Casey Butler Harwood

The Positive Power of Social Media

A couple of days into 2020, our intern, Jackson, wrote an open creative brief on how to do social media right this year. He wrote, “As content creators, we need to hold ourselves to a higher standard and create better content that affects social media users’ real lives — not just their online lives. It’s up to us to make social media fulfilling in 2020.” At that time, of course, we had no idea that social media would begin to do just this.

Over the past six months, we have been forced apart, physically, and we have looked to social media to keep us feeling connected. We watched as our friends in Italy and France sang out from their windows and balconies to reassure their neighbors that, in spite of their isolation, they weren’t facing the novel coronavirus alone. These videos were viewed all around the globe and they delivered something far more powerful than the typical status update; they disseminated much-needed hope, leaving viewers in awe of the human spirit.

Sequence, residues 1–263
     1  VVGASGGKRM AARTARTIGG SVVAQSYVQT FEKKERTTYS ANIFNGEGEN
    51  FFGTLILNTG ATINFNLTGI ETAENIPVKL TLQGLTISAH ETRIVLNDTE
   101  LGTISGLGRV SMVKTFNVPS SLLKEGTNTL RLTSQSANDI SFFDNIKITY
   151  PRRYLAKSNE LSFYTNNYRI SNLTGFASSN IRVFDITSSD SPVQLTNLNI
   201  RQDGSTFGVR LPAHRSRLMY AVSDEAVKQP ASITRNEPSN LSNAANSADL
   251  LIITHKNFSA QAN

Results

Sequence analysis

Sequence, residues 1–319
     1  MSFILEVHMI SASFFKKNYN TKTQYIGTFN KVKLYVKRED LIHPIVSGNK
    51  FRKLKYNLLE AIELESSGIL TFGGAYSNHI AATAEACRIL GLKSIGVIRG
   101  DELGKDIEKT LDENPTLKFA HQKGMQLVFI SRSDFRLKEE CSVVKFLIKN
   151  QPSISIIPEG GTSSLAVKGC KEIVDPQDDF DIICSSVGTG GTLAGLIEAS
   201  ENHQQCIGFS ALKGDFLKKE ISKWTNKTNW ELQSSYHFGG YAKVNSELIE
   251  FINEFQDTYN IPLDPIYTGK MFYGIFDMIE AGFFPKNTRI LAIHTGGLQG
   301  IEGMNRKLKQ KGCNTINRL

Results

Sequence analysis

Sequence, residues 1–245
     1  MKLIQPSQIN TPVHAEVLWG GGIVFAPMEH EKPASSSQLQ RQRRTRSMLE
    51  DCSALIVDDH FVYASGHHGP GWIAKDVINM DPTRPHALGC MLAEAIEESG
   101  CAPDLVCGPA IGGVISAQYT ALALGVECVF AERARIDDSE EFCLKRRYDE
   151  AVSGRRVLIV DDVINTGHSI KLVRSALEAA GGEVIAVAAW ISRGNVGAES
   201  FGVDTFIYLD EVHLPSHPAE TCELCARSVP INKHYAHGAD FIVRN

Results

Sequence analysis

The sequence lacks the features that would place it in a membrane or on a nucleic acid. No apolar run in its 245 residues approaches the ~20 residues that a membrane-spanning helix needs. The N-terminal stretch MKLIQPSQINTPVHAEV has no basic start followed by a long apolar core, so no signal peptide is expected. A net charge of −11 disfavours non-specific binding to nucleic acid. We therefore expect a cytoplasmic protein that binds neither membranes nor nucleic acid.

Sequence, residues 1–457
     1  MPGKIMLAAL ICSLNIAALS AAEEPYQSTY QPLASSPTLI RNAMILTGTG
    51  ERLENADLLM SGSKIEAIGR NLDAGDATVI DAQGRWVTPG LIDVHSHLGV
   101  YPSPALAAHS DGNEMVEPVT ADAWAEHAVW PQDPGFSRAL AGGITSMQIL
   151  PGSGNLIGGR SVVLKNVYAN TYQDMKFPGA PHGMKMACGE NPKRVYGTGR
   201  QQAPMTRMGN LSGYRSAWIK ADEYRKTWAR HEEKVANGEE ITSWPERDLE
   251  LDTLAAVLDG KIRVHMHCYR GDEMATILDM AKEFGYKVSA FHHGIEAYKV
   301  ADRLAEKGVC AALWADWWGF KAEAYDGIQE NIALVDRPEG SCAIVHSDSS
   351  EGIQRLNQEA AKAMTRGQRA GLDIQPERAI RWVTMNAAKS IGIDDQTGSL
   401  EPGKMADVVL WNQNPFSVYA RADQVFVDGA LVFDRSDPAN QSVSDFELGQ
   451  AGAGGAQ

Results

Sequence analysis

We listened, and continue to listen, as experts in every field imaginable speak directly to us via their YouTube channels or their Instagram Live broadcasts or their Zoom seminars. They’ve helped us learn, grow, cope, accept, persevere. 

And, of course, since May 25, the day that George Floyd was killed, social media has been alight with widespread calls for justice and reform. Social media has allowed a true seachange to be felt, has empowered critical movements to gain traction, has enabled the organization of protests and firmly stood behind the very first constitutional right ever granted to us by our founding fathers, has amplified the voices of those who never seem to be heard, even when they’re screaming, has educated the ignorant, and has uncovered countless truths — many painful, many cathartic.

Now, this is not to say that social media is all progress and warm and fuzzies, but we called for social media to be better this year and, we’ve gotta say, we think social media rose to the challenge.

Photos, clockwise from top: Marvin Meyer, Mike Von, Chris Montgomery (via Unsplash)